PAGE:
BELABOX for Rockchip RK3588 - beta
|Orange Pi 5 Plus||Radxa Rock 5b||Banana Pi BPI-W3|
|List price||$90 (4GB version)||$129 (4GB version)||$162 (8GB version)|
|Total cost1||$127 (4GB version)||$168 (4GB version)||$215 (8GB version)|
|eMMC||removable module (not included)||removable module (not included)||soldered|
- integrated HDMI capture port, vs using USB capture cards
- 4K60 support vs 4K30
- lower hardware cost
- lower power usage (but in a typical setup the modems use most of the power, so limited overall impact)
- possibly better video quality at the same bitrate, see how does the video quality compare between RK3588 and Jetson Nano?
If you have a working Jetson Nano-based setup, there's no need to switch over. In time, it may turn out that the RK3588 platform has some compelling advantages, but you'll be in a better position to make an informed decision if you let the early adopters have a go at it first.
The comparison above is provided so you can make the right choice for you. If you're uncertain, the Orange Pi 5 Plus is currently considered the best compromise for most users - mainly because the HDMI input appears to be slightly more resistant to the radio interference caused by LTE / 5G modems, it has a full sized HDMI port, and it's the cheapest model
The 4GB version of each model has sufficient memory for BELABOX usage, there's no advantage in getting the versions with more RAM.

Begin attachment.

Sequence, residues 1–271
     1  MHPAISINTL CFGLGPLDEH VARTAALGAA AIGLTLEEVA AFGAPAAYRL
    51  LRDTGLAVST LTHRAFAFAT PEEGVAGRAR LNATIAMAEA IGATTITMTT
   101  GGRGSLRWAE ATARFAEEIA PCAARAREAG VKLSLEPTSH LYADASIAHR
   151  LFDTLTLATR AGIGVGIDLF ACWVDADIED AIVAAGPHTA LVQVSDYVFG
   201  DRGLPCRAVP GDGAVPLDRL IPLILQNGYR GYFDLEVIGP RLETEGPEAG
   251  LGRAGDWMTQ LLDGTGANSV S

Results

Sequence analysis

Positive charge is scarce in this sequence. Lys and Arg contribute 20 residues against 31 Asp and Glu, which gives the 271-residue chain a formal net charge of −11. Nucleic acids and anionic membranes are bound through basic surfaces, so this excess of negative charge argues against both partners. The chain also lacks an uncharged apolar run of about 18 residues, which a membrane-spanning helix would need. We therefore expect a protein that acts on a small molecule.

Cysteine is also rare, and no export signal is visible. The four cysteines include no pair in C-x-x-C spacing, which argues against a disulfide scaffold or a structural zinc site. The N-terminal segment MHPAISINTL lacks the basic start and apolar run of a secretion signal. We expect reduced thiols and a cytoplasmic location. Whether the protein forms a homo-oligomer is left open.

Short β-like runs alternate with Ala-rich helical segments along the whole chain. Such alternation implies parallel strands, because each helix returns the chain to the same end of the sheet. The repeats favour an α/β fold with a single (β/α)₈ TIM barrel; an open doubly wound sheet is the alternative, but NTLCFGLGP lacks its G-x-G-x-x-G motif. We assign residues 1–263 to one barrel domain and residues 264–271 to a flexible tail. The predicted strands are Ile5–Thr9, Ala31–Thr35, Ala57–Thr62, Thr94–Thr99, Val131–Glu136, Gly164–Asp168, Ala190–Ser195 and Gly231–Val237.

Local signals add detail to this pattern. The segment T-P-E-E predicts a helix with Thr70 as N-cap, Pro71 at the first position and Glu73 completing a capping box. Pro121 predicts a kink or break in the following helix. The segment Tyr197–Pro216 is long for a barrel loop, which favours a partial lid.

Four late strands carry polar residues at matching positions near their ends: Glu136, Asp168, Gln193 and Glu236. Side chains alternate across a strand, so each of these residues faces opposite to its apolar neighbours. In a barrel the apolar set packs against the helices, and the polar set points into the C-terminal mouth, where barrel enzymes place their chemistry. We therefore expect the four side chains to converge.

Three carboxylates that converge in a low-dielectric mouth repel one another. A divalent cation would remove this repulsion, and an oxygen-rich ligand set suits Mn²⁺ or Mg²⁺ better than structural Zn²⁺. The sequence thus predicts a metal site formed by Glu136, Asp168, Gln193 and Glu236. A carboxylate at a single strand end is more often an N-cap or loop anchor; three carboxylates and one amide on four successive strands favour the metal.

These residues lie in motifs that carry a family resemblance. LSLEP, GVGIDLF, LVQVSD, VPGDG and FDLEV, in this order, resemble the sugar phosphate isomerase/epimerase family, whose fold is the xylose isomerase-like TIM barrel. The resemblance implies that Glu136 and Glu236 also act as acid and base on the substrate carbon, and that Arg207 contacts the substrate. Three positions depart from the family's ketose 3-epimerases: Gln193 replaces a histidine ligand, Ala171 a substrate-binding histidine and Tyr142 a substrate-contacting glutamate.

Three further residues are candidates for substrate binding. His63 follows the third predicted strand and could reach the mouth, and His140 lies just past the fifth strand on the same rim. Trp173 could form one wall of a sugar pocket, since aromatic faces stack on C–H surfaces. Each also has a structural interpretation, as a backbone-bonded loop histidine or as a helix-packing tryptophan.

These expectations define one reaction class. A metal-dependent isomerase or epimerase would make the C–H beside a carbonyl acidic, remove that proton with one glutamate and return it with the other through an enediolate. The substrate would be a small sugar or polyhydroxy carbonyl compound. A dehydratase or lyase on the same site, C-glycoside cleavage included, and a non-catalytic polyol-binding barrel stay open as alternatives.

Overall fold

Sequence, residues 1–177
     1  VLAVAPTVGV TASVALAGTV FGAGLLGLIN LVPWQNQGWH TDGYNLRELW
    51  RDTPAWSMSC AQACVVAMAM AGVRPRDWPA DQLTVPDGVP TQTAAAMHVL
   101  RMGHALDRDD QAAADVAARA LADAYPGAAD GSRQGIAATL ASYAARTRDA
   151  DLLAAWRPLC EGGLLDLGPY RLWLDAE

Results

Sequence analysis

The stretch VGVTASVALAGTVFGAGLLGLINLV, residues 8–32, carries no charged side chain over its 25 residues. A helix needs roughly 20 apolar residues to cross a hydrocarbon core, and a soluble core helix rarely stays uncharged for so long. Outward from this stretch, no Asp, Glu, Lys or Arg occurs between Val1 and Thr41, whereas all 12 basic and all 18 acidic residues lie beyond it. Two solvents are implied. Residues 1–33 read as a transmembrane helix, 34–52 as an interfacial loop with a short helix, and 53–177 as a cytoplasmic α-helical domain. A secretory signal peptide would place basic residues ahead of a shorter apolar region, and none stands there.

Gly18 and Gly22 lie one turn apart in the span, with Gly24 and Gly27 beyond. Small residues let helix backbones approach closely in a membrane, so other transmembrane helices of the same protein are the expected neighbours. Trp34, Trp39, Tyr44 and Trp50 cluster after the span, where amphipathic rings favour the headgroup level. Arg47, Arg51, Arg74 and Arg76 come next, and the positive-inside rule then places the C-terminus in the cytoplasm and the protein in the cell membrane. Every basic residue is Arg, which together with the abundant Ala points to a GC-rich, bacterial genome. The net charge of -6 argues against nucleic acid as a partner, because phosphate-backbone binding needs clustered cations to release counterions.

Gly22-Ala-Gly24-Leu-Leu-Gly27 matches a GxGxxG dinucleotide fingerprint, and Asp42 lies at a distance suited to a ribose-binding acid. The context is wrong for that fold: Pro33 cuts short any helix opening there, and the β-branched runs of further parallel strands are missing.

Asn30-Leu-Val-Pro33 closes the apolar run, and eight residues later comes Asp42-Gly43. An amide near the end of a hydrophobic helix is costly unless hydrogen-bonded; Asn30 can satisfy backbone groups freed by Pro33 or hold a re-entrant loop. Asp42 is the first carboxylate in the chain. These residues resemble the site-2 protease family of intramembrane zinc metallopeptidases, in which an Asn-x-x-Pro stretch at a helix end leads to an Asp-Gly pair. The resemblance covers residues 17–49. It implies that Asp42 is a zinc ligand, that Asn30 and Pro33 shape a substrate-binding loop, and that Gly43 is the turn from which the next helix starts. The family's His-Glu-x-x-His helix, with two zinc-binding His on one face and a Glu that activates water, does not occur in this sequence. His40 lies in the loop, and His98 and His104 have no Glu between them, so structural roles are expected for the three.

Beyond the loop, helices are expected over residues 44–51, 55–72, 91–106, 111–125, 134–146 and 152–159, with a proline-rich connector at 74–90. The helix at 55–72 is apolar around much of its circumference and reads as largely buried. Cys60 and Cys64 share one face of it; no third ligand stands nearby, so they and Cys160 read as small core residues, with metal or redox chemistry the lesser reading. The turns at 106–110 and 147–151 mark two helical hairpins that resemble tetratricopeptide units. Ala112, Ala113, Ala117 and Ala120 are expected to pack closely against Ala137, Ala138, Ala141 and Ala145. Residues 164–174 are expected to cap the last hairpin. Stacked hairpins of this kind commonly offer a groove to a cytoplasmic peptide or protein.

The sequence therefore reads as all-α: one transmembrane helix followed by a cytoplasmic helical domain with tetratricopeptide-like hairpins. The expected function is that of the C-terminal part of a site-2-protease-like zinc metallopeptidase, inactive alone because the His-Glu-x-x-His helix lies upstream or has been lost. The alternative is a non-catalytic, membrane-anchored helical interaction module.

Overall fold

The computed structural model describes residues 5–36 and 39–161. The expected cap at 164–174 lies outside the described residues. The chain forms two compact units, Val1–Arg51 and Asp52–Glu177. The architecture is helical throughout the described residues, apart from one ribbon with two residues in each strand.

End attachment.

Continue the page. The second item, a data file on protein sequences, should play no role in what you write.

The installation works pretty much the same as on Jetson Nano, starting with flashing an image file to a micro SD card. So you can follow the original BELABOX tutorial. Just forego the USB capture card and remember to download the correct image file for your board. If your board supports a removable eMMC module - see the table above - and you have an eMMC reader or eMMC-to-microSD adapter then you can also flash it to an eMMC module instead of a micro SD card.
You should consider the software port to be beta-quality for now. From our experience in developing the original BELABOX implementation for Jetson Nano, we expect there will be a period of few months while this new platform is gaining adoption, when we're all going to be learning together about its hardware quirks, diagnosing hardware problems from specific behaviours, discovering edge cases and fixing bugs, etc.
If you just want to build a setup for your streams, a Jetson Nano-based setup is currently the safer choice in that its it's a pretty mature solution. And its quirks, limitations and common problems are well understood and you'll be able to get help more easily. On the other hand if you don't mind tinkering and being more hands-on, and have some technical skills, then a RK3588-based setup may be cheaper and more future-proof.
All the major features of BELABOX are working. This includes SRTLA bonding, BELABOX cloud remotes, HDMI capture and encoding, BELABOX's WiFi manager and receiving RTMP feeds and transcoding them to H265.
On all boards, routing the HDMI cable very close to an LTE / 5G modem or placing the board itself next to the modem can cause interference that makes the HDMI capture fail until the modem is removed. The effect seems to vary depending on what HDMI cable, LTE bands, modem transmit power, etc is used. Be prepared to move your modems away from the board and the HDMI cable in case you run into this problem. This appears to be a hardware design issue, and it's very unlikely that a software fix is possible. If this potential issue is a deal breaker for you, it would be best not to build a setup based on one of these boards at this time.